Here Are the 18 Crimes Freddie Gray Was Charged With Before His Tragic Death That Started the Baltimore Riots

Photo Credit: Heavy

Photo Credit: Heavy

Freddie Gray, who died a week after suffering injuries while in Baltimore police custody, had a lengthy criminal record, mainly for drug-related offenses, according to state court records. Police claim he was “involved in criminal activity,” prior to his arrest.

Gray, 25, died after spending seven days in a coma as a result of injuries he suffered while in the custody of city police, the Baltimore Sun reports.

He was arrested April 12 by four officers outside a public housing complex. Police said four bicycle officers tried to stop Gray for an unspecified reason and he ran from them. They caught him and detained him while waiting for backup . . .

Gray had a lengthy arrest record with convictions dating back until at least 2007, according to the Maryland Department of Justice. Not all of the arrests led to convictions, in many of the cases he pleaded guilty to one charge while the others were dropped. Exact details of when he spent time in prison were not immediately available. His arrest record includes at least 18 arrests:

March 20, 2015: Possession of a Controlled Dangerous Substance

March 13, 2015: Malicious destruction of property, second-degree assault

January 20, 2015: Fourth-degree burglary, trespassing

January 14, 2015: Possession of a controlled dangerous substance, possession of a controlled dangerous
substance with intent to distribute

December 31, 2014: Possession of narcotics with intent to distribute

December 14, 2014: Possession of a controlled dangerous substance

August 31, 2014: Illegal gambling, trespassing

January 25, 2014: Possession of marijuana

September 28, 2013: Distribution of narcotics, unlawful possession of a controlled dangerous substance, second-degree assault, second-degree escape

April 13, 2012: Possession of a controlled dangerous substance with intent to distribute, unlawful possession of a controlled dangerous substance, violation of probation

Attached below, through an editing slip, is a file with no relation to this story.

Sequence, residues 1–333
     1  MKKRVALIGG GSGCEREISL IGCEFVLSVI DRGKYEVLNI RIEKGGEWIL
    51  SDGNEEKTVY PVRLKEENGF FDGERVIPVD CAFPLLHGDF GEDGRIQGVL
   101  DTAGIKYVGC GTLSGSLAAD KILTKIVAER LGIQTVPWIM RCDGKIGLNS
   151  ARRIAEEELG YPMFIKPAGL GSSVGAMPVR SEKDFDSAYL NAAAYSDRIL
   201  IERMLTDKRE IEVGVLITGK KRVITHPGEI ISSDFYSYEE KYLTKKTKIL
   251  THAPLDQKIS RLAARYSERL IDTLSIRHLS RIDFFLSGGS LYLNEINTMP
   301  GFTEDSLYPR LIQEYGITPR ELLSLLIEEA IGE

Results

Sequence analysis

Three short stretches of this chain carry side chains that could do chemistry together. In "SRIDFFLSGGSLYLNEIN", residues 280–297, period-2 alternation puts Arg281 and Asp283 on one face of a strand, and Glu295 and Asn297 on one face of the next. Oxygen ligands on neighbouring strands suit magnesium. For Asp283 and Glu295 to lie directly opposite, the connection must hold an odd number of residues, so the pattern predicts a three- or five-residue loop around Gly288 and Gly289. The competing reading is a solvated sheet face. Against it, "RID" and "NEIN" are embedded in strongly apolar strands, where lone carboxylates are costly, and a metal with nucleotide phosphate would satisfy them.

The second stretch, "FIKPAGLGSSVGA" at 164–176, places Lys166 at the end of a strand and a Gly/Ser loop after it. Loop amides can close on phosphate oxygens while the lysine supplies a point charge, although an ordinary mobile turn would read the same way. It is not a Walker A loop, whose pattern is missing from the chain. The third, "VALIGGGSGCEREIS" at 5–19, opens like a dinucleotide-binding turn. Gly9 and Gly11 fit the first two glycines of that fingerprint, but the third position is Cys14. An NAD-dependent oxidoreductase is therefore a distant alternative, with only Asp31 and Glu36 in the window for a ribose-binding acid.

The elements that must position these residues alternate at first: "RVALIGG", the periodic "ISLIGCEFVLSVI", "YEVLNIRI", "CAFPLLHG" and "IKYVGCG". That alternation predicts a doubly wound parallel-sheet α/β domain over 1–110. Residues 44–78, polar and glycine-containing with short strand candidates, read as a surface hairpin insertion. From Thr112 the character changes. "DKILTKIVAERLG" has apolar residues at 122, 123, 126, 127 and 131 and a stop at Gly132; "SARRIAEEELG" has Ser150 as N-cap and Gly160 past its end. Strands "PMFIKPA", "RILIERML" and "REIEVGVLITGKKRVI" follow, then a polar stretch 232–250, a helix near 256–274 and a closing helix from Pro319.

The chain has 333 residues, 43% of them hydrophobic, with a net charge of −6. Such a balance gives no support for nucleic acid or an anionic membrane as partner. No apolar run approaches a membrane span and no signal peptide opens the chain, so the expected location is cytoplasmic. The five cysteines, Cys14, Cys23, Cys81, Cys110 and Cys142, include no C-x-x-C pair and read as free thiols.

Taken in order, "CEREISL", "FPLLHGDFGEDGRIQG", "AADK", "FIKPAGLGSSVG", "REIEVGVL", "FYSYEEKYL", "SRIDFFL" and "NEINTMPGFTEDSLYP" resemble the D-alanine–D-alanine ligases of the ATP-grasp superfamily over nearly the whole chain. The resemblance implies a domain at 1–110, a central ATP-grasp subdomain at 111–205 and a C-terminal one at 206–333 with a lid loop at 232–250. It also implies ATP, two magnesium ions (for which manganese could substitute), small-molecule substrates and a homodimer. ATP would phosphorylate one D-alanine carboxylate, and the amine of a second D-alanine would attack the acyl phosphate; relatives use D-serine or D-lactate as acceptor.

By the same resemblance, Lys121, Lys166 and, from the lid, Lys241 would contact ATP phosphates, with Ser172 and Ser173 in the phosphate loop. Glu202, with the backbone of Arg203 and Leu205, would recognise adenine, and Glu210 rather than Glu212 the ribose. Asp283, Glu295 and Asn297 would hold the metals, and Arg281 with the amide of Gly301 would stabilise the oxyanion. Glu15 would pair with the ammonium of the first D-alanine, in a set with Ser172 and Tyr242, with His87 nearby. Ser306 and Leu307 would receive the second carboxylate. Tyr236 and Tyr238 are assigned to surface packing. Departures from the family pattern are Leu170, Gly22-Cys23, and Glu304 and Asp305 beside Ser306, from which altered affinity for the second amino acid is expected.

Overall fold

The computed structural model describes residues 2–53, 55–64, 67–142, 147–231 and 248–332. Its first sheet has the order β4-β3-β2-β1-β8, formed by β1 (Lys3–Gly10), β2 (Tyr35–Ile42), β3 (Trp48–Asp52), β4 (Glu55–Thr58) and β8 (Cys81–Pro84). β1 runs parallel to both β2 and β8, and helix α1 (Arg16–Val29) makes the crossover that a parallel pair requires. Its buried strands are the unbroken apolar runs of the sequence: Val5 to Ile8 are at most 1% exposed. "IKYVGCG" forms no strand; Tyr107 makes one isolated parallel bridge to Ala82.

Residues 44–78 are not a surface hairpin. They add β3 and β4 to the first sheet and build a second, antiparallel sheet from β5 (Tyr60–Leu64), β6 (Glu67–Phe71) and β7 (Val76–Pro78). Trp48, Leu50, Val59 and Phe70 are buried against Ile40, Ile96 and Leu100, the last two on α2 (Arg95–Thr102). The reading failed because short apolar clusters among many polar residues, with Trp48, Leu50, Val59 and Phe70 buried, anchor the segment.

July 16, 2008: Possession of a controlled dangerous substance, possession with intent to distribute

March 28, 2008: Unlawful possession of a controlled dangerous substance

March 14, 2008: Possession of a controlled dangerous substance with intent to manufacture and distribute

February 11, 2008: Unlawful possession of a controlled dangerous substance, possession of a controlled dangerous substance

August 29, 2007: Possession of a controlled dangerous substance with intent to distribute, violation of probation

August 28, 2007: Possession of marijuana

August 23, 2007: False statement to a peace officer, unlawful possession of a controlled dangerous

July 16, 2007: Possession of a controlled dangerous substance with intent to distribute, unlawful possession of a controlled dangerous substance (2 counts)

(Read more from “Here Are the 18 Crimes Freddie Gray Was Charged With Before His Tragic Death That Started the Baltimore Riots” HERE)

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  • Mark

    Another fine upstanding citizen.

    • Deja Douglass



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  • PTA Mom

    It is my understanding that some Baltimore City Public School high school students? or was it outside groups? were using Facebook to try to organize a “Purge” (based on the movie of the same name, i.e. every year there is 1 day of lawlessness which is ok because it takes away the energy for crime for the other 364 days of the year??).

    Students were urged by fellow students? or outside groups? to meet at 3pm (right after school let out) on Monday at Mondawmin Mall which is right across the street from Frederick Douglas High School and also a bus hub for other high schools is my understanding. Baltimore City Public School students use public transportation to get to and from school. They do not use separate school buses.